The respondent also argues that the complainant's failure to assist Ms. Eden was not because of her disability. It contends that Ms. Eden testified she left a voice mail message for the complainant during the week of October 16, at which point the complainant was not off work due to a disability, but received no response. However, the record does not support this assertion. At the hearing the complainant testified that she called Ms. Eden on October 16 to provide information about refinancing her properties. Ms. Eden did not dispute this. She testified that, although she did not remember the call, the complainant must have gotten back to her with the information she requested because she knew she had room to refinance. Ms. Eden stated that she left a voicemail message for the complainant two days before she contacted a different loan officer, an event which occurred on October 25. Thus, according to Ms. Eden's testimony, the attempted contact with the complainant was not during the week of October 16, but was on October 23, at which time the complainant was home from work because of her disability.

Based upon its independent review of the evidence the commission is persuaded that the complainant's two most recent failures in customer service were directly caused by her disability, which prevented her from being at work and receiving and/or responding to contacts from customers. The record reveals no reason to believe that the complainant would not have promptly responded to customer requests had she been at work. Under all the circumstances, the commission is satisfied that the complainant's termination for poor customer service was, in legal effect, because of her handicap. See, Crivello v. Target Stores, ERD Case No. 9252123 (LIRC Aug. 14, 1996), and cases cited therein, aff'd sub nom. Target Stores v. LIRC and Mary Crivello, 217 Wis. 2d 1; 576 N.W.2d 545 (Ct. App. 1998).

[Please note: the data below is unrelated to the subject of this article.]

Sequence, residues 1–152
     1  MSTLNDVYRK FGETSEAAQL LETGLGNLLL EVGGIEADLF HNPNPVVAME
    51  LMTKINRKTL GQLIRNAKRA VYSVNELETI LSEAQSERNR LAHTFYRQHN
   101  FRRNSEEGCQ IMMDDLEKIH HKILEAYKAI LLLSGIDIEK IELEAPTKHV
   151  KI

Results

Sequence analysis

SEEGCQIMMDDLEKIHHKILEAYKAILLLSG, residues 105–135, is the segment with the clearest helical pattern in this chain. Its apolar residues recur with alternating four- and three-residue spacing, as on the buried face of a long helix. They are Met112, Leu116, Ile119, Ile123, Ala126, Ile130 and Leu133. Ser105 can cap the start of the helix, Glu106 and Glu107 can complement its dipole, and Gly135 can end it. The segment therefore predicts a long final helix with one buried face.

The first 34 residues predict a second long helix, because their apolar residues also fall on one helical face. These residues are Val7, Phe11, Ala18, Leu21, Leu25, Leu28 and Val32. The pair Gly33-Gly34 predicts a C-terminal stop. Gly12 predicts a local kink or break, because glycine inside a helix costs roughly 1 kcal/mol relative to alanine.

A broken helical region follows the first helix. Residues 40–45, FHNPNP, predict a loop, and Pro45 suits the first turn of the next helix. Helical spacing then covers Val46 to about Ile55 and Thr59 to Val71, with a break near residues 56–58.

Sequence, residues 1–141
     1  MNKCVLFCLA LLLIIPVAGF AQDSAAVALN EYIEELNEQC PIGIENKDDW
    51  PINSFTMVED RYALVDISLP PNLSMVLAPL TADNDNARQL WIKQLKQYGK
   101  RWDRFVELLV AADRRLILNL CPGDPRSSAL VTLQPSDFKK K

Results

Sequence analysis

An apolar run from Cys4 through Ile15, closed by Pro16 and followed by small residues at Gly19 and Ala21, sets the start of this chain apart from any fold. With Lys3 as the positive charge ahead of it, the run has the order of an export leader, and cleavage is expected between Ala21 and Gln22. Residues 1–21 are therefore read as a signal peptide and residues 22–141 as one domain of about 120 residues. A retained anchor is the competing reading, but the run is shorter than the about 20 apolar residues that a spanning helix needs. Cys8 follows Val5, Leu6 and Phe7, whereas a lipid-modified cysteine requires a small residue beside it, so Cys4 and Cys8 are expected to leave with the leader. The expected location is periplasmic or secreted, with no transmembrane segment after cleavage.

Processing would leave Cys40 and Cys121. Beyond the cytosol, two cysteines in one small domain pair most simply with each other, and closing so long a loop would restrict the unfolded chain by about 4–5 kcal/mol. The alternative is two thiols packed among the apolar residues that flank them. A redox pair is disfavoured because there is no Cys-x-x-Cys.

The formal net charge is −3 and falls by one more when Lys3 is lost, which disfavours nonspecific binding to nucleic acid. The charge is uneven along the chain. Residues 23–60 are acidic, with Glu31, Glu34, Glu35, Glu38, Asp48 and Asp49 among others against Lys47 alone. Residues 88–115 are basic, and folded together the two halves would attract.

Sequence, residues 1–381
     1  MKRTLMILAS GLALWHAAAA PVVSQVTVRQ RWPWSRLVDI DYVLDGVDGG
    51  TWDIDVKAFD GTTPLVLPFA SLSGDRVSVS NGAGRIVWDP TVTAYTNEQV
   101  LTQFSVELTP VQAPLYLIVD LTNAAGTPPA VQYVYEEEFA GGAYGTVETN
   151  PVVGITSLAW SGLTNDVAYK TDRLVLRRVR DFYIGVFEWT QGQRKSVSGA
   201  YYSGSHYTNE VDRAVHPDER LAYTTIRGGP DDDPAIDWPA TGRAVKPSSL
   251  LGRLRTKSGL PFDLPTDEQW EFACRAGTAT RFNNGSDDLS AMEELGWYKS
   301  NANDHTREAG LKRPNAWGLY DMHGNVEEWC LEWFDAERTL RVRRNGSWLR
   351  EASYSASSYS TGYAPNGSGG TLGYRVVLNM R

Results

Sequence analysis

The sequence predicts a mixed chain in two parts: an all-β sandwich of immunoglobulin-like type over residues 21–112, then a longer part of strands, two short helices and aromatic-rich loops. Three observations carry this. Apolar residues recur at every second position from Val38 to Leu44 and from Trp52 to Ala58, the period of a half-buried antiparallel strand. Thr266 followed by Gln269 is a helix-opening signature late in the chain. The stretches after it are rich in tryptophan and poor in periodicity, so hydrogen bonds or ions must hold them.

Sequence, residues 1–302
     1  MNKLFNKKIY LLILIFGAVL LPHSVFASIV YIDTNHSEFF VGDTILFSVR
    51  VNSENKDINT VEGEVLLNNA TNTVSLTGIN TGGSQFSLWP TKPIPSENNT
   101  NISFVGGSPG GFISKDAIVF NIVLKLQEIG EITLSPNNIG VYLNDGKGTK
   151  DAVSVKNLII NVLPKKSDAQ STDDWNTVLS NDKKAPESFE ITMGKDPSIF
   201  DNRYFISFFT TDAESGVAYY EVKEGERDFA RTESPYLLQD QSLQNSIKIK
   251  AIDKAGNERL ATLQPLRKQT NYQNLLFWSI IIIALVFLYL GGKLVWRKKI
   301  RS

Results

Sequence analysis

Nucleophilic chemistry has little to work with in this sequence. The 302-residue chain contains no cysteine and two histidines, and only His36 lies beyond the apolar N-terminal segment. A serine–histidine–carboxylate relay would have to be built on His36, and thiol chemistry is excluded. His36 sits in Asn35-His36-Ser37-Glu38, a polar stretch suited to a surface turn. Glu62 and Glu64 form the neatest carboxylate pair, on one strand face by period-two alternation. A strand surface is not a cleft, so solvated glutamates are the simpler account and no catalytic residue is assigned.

In its reply brief to the commission the respondent asserts that it cannot be found liable for discharging the complainant, because her disability was reasonably related to her ability to adequately perform the job and because it did provide her with a reasonable accommodation by granting her FMLA leave upon her request. These arguments fail. While an argument can be made that the complainant's disability was reasonably related to her ability to perform the job, given that it caused her to be sporadically absent from work and therefore unavailable to customers, the fact remains that the respondent failed to provide the complainant with a reasonable accommodation that would have enabled her to remain employed. Granting the complainant's request for sporadic FMLA leave was only a partial accommodation. The complainant required the additional accommodation of assistance in establishing a system for communicating with clients during her absences and for directing those clients to other bank employees if they required immediate assistance, coupled with an understanding that the complainant would not be able to perform her duties on days she was absent from work due to her disability, and a commitment not to discharge her as a result of her absences -- i.e., what the commission has referred to as "forbearance." See, Crivello, supra.